- Caml language homepage. This has links to downloads (we are using version 3.11.2 of OCaml) and official documentation for the language.
- Wikipedia page
- The official ISO Developing Applications with OCaml, a French book translated into English and available for free online. Yes, there are students at universities in France that learn OCaml as their first language, from this book.
- 99 bottles of beer program.

Save your program in a file called `proj.ml`

in folders called `proj1`

and `proj2`

respectively for phases 1 and 2 of your project.

I will test your code in the same environment as the lab
machines in MI 302, using the commands

/usr/bin/ocaml proj.ml

For phase 2 of your project, you will implement an interpreter for
a simple RPN calculator language, described below.
You should submit your program in a folder called `proj2`

, and be sure
that it runs as described above.

Your program will read characters from standard in, scan them into tokens, and
interpret the tokens in the RPN language described below. There are only three
tokens: numbers (which can include both floating-point numbers and integers, with
or without `-`

signs), variables (any string of letters, uppercase or
lowercase), and operations (described below). You should use the built-in regular
expression facilities of Ocaml to scan the input for these tokens.
As usual, tokens can be separated by any amount of whitespace.

Your program will be an interpreter for a simple Reverse Polish Notation (RPN)
calculator.
The basic syntax of this
language is that we have some *operands*, which for us will be
either numbers or variable names,
and *operators*, which will be detailed below. A program
for this calculator is just a series of operands and operators.

RPN calculators work by maintaining a single stack of operands. Whenever the next token is an operand, we just push it onto the stack. If the next token is an operator, we pop off some elements of the stack, apply the operator, and push the result of the operation back onto the stack. You can Google RPN to get lots more information.

The operators in your RPN language will be as follows:

`p`

**P**rints the top element of the stack and removes it.`+`

Adds the top two elements of the stack, replaces them with their sum.`-`

Subtracts the top element of the stack from the second-to-top element, and replaces them with their difference.`*`

Multiplies the top two elements of the stack, replaces them with their product.`/`

Divides second-to-top element of the stack by the top element, and replaces them with their quotient.`d`

**D**uplilcates the top element of the stack by removing it and then adding it back on twice.`s`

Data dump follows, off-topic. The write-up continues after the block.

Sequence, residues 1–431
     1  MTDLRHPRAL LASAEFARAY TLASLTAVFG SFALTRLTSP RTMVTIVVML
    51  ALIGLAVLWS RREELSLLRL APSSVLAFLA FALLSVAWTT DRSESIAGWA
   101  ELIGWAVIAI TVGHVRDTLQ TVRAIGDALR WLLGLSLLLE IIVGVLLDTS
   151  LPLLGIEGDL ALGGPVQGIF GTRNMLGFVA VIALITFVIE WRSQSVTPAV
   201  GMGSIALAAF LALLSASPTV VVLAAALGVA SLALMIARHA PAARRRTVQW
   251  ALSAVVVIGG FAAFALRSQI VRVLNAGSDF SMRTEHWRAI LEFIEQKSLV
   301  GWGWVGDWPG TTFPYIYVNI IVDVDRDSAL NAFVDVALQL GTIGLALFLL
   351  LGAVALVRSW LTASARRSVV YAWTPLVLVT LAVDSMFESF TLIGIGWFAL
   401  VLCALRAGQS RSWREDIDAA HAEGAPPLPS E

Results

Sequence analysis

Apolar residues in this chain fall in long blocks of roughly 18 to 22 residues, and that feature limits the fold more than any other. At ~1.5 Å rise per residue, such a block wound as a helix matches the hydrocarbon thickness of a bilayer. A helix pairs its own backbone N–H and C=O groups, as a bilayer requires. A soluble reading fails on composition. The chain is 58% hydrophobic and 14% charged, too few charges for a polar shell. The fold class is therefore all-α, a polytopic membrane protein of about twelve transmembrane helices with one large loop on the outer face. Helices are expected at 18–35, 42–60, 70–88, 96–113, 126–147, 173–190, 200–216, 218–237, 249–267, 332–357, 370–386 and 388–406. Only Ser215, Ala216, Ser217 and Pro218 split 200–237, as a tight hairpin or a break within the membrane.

**S**ets the variable, which should be second-to-the-top in the stack, with the value of the top element in the stack. These two elements are popped off of the stack and replaced by a single instance of the variable itself.`<`

Tests whether the second-to-the top element is less than the top element. If so, these are replaced with the number`1`

, and of not, they are replaced with`0`

.`>`

Tests whether the second-to-the top element is greater than the top element. If so, these are replaced with the number`1`

, and of not, they are replaced with`0`

.`=`

Tests whether the second-to-the top element is equal to the top element. If so, these are replaced with the number`1`

, and of not, they are replaced with`0`

.`?`

This is the ternary "if" operator. If the element on top of the stack is nonzero, the top three elements are popped off and replaced with the second-to-the-top element. Otherwise, if the top is zero, the top three are popped and replaced with the third-to-the-top element.

To implement this, you will need regular expressions for all the token types, and you will also need to maintain a stack as usual for RPN calculators. Your stack will contain both numbers and variable names. To implement the variables, you will of course need to maintain a symbol table as well.

You are free to implement this in any way you wish. However, I recommend you proceed in the following steps.

- For starters, forget about variables. First just tokenize integers from the input, and push them all onto a big stack. It is probably a good idea to print out the stack contents at every step along the way for debugging. (You should of course remove this debugging output for your final submission.)
- Now start implementing the operations. Start with the easy ones like plus and minus. Get all the operations working with just numbers before you add the set operation or any variables.
- Now add variables. This will require a change in your data structure for the
stack. Namely, you will need to store variable names on the stack as well as integers.
I recommend creating a new data type that can be either a number or a variable.
This should have methods like
`getValue()`

, which will either return the number or look up the variable in the symbol table, and`setValue(...)`

, which will return an error if we have a number, and otherwise modify the symbol table accordingly. - Make sure you test your code extensively.

You do not have to create your program in the exact way that I have suggested. However, for full credit your program should

- Be well-documented and easy to follow. Every helper function you create and every class should have documentation, and in general it should be easy for a non-Ocaml programmer to see how your program works.
- Use good style in Ocaml. The nice thing is about Ocaml is that it incorporates many different programming paradigms, so you have some flexibility here. But you should probably create and use some objects and otherwise stick mostly to the functional programming paradigm.

After your RPN interpreter is working, I should be able to type in

5 2 + p

and your interpreter should print `7`

.

Here's a more complicated example:

2 3 d * d 4 + p - p

should print

13 -7